Irish students are reporting they are not receiving enough support from the government support during the pandemic.
Research has found there are fears and uncertainty among college students and those entering third-level education. Their mental health has also been affected during the pandemic.
A new survey of over 1,000 students, suggests the majority of students feel the government is not doing enough to support them during the pandemic. 79 percent of college students and 64 percent of those doing their Leaving Certificate feel this way.
97 percent of those who were due to sit their leaving certificate exams this year are still hoping to stay in education, however, 17 percent are reconsidering their options due to Covid-19.
Almost 60 percent of college students found the process of studying for and sitting exams online challenging. With socialising, meditating and comfort eating being cited as ways for them to relieve stress.
The Department of Education announced last month that schools will be reopening this autumn, while colleges are set to do the same. However, issues around accommodation have arisen because there is concern over not being able to accommodate social distancing.
Meanwhile, according to the Minister for Higher Education we have not talked enough about the impact the pandemic has had on children.
A new survey shows that 43 per cent of parents are worried that their children have fallen behind due to home schooling.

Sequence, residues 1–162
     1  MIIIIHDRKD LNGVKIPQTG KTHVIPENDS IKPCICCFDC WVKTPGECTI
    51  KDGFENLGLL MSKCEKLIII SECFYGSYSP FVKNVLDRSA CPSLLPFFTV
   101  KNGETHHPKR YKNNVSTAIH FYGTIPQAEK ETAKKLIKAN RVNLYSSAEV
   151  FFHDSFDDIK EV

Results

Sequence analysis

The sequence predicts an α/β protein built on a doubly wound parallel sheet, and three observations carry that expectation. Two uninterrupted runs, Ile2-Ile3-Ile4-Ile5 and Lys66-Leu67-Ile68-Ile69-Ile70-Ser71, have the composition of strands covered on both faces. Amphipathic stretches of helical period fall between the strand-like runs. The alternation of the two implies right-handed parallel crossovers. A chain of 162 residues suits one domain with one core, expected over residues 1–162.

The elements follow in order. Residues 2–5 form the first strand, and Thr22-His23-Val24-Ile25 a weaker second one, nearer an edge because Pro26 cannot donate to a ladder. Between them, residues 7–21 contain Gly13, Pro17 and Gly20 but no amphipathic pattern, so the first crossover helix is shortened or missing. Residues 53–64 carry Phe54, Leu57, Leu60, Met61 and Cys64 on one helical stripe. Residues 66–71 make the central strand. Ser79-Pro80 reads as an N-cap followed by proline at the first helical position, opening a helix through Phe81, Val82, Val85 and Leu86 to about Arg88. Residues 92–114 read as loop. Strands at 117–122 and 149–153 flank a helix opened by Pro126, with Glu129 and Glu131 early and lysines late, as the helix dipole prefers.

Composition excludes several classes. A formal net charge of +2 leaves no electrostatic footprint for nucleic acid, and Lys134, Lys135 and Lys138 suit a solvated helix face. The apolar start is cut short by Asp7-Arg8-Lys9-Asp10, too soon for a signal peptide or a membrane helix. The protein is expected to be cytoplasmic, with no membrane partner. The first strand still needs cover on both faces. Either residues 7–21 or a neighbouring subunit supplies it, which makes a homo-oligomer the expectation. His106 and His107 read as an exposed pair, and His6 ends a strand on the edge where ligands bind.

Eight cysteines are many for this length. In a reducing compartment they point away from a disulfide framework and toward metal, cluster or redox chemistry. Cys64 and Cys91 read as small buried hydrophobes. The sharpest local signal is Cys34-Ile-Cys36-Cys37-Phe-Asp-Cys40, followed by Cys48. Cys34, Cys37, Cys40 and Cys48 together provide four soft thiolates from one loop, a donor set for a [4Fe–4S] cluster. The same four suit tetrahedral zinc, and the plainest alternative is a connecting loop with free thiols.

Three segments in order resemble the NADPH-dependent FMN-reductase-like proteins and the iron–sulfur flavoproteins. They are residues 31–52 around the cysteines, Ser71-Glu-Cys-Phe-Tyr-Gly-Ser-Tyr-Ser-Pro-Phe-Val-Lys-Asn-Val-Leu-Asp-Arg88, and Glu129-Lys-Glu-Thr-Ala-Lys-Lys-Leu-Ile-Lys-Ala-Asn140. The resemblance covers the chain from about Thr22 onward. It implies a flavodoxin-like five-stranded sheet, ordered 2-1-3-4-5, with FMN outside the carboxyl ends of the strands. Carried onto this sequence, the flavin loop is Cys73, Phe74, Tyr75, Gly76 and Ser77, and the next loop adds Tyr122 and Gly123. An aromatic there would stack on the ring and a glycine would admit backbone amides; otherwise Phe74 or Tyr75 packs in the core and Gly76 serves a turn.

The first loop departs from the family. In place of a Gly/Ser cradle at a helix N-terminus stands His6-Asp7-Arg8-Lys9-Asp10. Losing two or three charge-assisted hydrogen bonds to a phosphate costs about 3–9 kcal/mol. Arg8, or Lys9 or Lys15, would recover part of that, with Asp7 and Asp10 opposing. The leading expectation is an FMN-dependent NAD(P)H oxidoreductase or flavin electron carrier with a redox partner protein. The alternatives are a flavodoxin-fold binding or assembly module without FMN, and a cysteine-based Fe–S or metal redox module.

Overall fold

According to the Irish League of Credit Union survey, 35 per cent of parents think their children have spent too much time watching TV or on devices since lockdown.
Minister Simon Harris says there has not been enough focus on children during the pandemic:
“It has been a really, really difficult time for children in this country. While we have quite rightly seen a focus on older people in our country in relation to Covid and that is right and proper.
“I am not sure we have talked enough in this country about the impact that the pandemic has had on our kids. We have taken away so many of their support structures, by necessity of public health.
“They could not see their friends, their teachers and they also do not have a routine. It has really had an impact and it is important that we get our schools back up and running again.”